Digital Divide: Generations Differ in Retirement Planning

By Stephen Miller, CEBS Feb 11, 2013

There's a digital divide when it comes to the use of technology to prepare for retirement. Younger retirement plan participants are more likely to use online calculators, interactive charts and mobile apps in preparing for retirement than older counterparts, a study sponsored by OneAmerica Financial Partners reveals. Among the key findings:

  • More than 60 percent of U.S. retirement plan participants younger than age 40 said they found online retirement calculators most helpful. This compares to 51 percent of participants ages 41 to 50 and 41 percent of those over 50.

  • In contrast, 67 percent of those over 50 found articles most helpful, compared to 45 percent of those ages 20 to 30.

  • Twice as many 20- to 30-year-olds (24 percent) found mobile apps helpful, compared to 12 percent of 40- to 50-year-olds. Only 7 percent of those over 50 found mobile apps helpful.

The survey found that the digital divide extends to the sources where participants read about financial issues: Participants in the 20- to 30-year-old range are more than twice as likely as 40- to 50-year-olds to read about financial issues via blogs (20 percent vs. 9 percent). And 28 percent of the younger group of workers read about financial issues via social media such as Facebook. This compares to only 16 percent of 40- to 50-year-olds.

“To reach all audiences successfully, plan sponsors should use a wide variety of tools and provide information to participants in various formats,” said Bill Yoerger, president of retirement business for the OneAmerica companies.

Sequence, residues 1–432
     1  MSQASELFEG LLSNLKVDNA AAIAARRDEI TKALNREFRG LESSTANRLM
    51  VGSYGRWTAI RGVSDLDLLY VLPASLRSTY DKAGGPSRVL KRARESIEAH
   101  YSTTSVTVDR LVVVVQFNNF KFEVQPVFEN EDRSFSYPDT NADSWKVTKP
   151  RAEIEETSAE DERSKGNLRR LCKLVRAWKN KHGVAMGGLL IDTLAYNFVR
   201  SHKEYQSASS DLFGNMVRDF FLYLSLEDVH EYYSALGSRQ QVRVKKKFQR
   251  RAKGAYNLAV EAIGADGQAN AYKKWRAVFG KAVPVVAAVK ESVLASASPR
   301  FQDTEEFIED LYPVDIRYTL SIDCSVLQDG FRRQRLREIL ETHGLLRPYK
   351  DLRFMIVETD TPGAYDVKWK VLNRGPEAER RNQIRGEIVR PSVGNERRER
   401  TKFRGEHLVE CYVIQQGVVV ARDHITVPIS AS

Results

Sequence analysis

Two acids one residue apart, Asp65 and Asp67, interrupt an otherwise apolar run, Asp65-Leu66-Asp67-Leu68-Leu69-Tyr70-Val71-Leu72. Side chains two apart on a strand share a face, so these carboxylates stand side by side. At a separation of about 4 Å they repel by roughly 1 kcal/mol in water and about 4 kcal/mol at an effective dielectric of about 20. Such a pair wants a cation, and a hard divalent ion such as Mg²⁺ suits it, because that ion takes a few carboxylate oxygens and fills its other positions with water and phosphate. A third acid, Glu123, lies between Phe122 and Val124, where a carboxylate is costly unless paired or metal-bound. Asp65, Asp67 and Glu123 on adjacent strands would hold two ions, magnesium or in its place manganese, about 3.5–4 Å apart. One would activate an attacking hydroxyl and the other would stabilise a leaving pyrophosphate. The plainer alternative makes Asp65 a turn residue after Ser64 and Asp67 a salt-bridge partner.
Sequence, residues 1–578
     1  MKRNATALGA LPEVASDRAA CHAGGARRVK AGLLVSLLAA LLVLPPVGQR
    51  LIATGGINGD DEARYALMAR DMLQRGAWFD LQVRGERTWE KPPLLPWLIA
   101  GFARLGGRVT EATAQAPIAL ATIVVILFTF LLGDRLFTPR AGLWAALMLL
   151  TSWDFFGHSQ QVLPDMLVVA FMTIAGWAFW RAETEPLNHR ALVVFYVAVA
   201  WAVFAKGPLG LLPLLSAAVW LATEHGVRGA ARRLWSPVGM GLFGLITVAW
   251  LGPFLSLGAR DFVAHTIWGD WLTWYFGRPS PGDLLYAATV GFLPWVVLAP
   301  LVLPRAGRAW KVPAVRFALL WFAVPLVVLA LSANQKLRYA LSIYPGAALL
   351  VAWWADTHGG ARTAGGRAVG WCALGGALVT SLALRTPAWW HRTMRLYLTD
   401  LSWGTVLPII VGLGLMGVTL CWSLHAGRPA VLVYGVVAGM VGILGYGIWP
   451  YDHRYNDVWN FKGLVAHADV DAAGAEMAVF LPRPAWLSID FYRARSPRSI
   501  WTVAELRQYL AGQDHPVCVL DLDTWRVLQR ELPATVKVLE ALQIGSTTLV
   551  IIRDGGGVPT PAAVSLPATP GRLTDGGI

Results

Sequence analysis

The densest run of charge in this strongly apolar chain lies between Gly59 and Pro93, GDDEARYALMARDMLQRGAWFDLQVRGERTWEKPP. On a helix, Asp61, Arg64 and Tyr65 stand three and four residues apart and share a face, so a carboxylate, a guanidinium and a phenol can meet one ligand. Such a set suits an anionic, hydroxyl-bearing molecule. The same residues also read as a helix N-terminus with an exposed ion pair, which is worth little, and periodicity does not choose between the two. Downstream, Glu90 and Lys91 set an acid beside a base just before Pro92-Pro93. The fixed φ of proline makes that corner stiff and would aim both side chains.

“This is also something to keep an eye on in years to come,” Yoerger added. “As these generations move through the different age bands, they will likely maintain their preferences for receiving information, while new workers entering the workforce may have completely different needs and habits," requiring plan communications to evolve along with newer generations of future retirees.

Retirement Savings? There’s an App for That

While thousands of smartphone applications have been developed to help people spend money, a new one is intended to help Americans save: The Ballpark E$timate, available online and as an iPhone app.

Developed by the nonprofit Employee Benefit Research Institute's Choose to Save financial education program, Ballpark E$timate shows how complicated issues such as projected Social Security benefits and earnings assumptions can impact retirement savings, as demonstrated through an interactive tool designed to be easy to understand.

Stephen Miller, CEBS, is an online editor/manager for SHRM.

Related Articles:

Tailor Your Retirement Planning Messages, HR Magazine, September 2012

Auto Features Impact CommunicationSHRM Online Benefits, August 2012

Tailor Benefit Communications to Different Learning Styles, SHRM Online Benefits, July 2012

Encourage Employees to Defer Adequate Pay to Their 401(k), SHRM Online Benefits, May 2012

Quick Links:

SHRM Online Benefits page

SHRM Online Retirement Plans Resource Page

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